A Musical Joy, 7 February 2010
Author: gary-444 from United Kingdom
A hugely enjoyable screen musical telling the story of the rise of all female, all black singing trio, “The Dreamgirls”. An affectionate pastiche of the story of the “Supremes”, a stellar cast portrays several characters contemporary to that era. For Berry Gordy see James Foxx, for Diana Ross see Beyonce Knowles, for James Brown see Eddy Murphy and for an Etta James / Florence Ballard/ Aretha Franklin composite see Jennifer Hudson. Director William Condon was shrewdly picked acknowledging his previous success as the writer for screen musical success “Chicago”.
An overwhelmingly black cast tells the story, set in Detroit, in two acts. Pre 1970 as the Dreamgirls struggle to make it, and post 1970, when the pitfalls of stardom bite. Adapted from the musical which was “sung through”, this version is predominantly spoken with the original songs as stand-alone pieces. The songs themselves are superb, penned by Henry Krieger, predominantly with Tom Eyen. They effectively recall the sounds , songs, and themes of the time whilst updating the arrangements to resonate with a more contemporary idea of R&B. And all this is played out against a backdrop of Race Riots and racism.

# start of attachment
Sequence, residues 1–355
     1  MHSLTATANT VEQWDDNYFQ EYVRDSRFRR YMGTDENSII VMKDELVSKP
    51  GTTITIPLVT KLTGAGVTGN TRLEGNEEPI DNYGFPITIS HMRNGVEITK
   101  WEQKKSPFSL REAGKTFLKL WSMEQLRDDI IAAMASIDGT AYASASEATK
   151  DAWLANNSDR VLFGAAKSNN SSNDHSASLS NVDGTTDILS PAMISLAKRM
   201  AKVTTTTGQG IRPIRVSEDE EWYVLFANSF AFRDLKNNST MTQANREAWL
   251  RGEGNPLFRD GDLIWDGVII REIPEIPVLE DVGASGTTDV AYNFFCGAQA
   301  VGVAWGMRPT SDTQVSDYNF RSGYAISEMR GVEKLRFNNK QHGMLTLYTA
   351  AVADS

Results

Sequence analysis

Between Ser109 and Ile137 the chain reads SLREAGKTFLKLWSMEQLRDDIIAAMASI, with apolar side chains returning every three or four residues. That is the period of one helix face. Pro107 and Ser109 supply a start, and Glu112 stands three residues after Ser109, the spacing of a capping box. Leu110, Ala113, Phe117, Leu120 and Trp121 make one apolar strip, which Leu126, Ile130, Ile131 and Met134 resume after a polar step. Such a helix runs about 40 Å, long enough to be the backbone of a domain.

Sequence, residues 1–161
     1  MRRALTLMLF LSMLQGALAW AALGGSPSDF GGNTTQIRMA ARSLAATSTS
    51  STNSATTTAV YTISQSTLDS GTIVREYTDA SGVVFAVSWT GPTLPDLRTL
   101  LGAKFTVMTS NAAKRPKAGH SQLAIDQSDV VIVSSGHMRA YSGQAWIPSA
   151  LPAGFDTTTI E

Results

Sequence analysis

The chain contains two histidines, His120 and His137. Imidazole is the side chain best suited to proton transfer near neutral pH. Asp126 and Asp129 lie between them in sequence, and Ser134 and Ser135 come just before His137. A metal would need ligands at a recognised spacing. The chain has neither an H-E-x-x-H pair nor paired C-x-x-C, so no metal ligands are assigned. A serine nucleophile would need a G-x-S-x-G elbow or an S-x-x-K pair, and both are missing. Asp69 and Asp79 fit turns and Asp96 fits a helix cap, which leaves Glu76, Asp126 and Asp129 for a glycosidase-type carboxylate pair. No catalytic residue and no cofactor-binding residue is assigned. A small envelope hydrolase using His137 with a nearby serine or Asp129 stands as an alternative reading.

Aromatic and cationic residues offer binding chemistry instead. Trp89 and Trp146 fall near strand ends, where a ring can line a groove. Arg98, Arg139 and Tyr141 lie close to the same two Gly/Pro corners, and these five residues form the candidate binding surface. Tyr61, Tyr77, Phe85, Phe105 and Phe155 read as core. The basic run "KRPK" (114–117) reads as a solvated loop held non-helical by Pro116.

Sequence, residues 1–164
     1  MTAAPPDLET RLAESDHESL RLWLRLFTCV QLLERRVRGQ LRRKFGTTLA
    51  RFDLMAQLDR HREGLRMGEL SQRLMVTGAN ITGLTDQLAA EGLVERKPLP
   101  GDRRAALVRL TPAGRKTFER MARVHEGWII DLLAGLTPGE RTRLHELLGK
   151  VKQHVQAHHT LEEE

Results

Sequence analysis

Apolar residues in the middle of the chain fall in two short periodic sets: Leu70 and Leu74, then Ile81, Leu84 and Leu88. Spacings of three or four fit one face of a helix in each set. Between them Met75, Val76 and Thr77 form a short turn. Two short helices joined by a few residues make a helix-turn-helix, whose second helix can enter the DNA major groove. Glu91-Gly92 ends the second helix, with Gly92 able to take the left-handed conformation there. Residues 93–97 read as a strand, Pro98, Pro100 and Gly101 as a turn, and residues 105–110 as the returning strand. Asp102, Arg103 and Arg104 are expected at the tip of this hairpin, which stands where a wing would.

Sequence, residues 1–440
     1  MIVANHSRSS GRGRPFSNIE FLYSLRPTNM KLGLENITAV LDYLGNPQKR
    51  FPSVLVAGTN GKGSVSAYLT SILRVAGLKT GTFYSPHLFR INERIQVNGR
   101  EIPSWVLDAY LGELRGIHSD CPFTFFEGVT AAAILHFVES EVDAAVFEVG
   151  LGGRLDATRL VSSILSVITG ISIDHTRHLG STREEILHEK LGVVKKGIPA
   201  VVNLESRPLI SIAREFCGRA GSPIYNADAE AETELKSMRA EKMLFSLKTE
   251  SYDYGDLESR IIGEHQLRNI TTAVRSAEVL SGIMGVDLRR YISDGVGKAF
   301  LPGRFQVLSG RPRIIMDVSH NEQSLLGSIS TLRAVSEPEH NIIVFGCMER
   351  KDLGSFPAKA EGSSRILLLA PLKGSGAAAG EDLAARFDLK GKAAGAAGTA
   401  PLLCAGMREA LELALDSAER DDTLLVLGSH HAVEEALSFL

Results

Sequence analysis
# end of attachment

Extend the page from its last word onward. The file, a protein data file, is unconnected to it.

Danny Glover is wonderful as the manager who gets the group noticed only to be out hustled by smooth talking James Foxx as Curtis Taylor Jnr. But it is Jenifer Hudson as Effie White who steals the show. Her raw talent has to defer to the svelte good looks of Beyonce’s Deena Jones, and her portrayal of the angst of first losing lead vocal, then her place in the band and her livelihood is compelling.
Although the social context of this story is well made, it is the music and performances which dominate. Anyone with a love of the Motown / Philly sounds will love this.